I’m in Dubai this week and picked up a magazine at the airport on the flight out. It was one of the freebies on the newsstands – CNBC’s Business magazine – and the front page caught my eye partly because it had bank written on it, and partly because it had a big, happy smiley face.
The story is nothing about banking, although it could be as it’s all about happiness.
Happiness at work that is.
The core philosophy is that happy staff make happy customers make happy business.
I first heard such an idea back in 1990, when the chief executive of an insurance firm I worked with issued this mantra to his people as their core cultural value.
His philosophy was to give staff as much responsibility as they could take, and let them enjoy work by creating their own space.
Back then, it was called empowerment.
Today, it’s called happiness.
According to the article, happy staff do make happy business: sales go up by 37%, productivity by 31%, accuracy by 19%; and there are a host of health and quality-of-life benefits.
It's a good concept, but is a challenge for financial firms, who want to tightly control everything.
They don’t really want staff to think or to be empowered. They want tight control and procedures and, specifically using the regulatory and compliance argument, they don’t want any risks or issues which empowered, happy staff could create.
This is a challenge that has been broken by some mavericks, such as Arkadi Kuhlmann, the former Chairman, President and Chief Executive Officer of ING Direct USA,
In a 2008 interview, when asked about their culture, Arkadi said that: We don’t hire bankers, because bankers come in with their DNA and they have their legacy which won’t fit. Instead we hire dancers, musicians and artists. People who can deliver a great and different experience.
In other words, hire for attitude to ensure the right cultural fit for the role and, if you want happy customers, hire happy people and keep them happy.
It is a philosophy that is simple, but rarely seen.
I’ve only seen this in the UK within a few small firms. The large firms become heavily organised and proceduralised, making such maverick style inoperable.
In fact, I can hardly think of any large firm that has happy as a culture or core value.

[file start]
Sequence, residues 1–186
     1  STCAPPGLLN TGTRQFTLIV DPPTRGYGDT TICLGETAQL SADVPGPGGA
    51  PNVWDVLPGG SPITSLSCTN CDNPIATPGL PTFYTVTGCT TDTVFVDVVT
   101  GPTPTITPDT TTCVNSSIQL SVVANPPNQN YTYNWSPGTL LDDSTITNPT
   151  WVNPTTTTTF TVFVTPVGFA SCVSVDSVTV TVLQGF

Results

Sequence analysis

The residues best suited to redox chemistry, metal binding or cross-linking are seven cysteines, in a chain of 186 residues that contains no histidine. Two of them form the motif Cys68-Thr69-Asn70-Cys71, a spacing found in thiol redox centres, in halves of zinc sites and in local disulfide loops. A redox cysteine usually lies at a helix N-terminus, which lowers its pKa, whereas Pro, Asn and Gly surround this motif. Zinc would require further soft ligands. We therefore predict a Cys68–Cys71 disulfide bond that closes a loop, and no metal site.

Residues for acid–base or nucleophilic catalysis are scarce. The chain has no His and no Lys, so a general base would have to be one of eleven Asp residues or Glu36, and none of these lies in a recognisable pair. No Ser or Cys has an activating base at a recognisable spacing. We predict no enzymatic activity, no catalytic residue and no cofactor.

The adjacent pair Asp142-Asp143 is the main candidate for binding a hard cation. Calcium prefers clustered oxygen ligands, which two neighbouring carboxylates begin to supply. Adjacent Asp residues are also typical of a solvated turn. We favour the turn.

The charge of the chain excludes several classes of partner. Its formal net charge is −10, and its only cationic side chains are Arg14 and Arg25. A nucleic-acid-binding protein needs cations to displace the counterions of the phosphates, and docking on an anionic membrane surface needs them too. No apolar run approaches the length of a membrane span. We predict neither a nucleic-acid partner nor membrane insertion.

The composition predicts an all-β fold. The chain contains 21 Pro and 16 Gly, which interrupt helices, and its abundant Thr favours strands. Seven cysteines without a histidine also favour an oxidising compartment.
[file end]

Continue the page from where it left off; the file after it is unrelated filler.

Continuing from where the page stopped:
I can think of some that start that way, but the larger they become, the unhappier they get.
Google began with their Don’t be Evil mantra, which is now viewed by many as exactly what they have become.
In last month’s Fast Company they were talking about the rise of Facebook, and this paragraph stuck out:
As the company and service grew--it had 1,200 employees and 400 million users around the time we met in 2009--he and his colleagues worried endlessly about the death-by-meeting blues. Facebook had grown into 135,000 square feet in Palo Alto and many locations around the world. It was a quarter-life crisis in the making, the sinking realization that you can't stick it to the man if you become The Man. In Facebook's world, Google had become The Man. Engineers there checked in code, then waited as it disappeared for days, weeks, even months. Tales of the company's bureaucracy were becoming legend--especially at a company loaded up with Google refugees. "You feel like you have to make a choice at some point," said Mike Schroepfer, Facebook's VP of engineering. "Will the system be reliable or will the innovation be fast?"
The classic conundrum – you either become proceduralised or innovative, but you cannot be both.
Or can you?
Can you embed a happy, free-wheeling culture into a large, global organisation?
Some believe you can.
But it’s not somethng you can just bolt-on to the company. As the CNBC article states: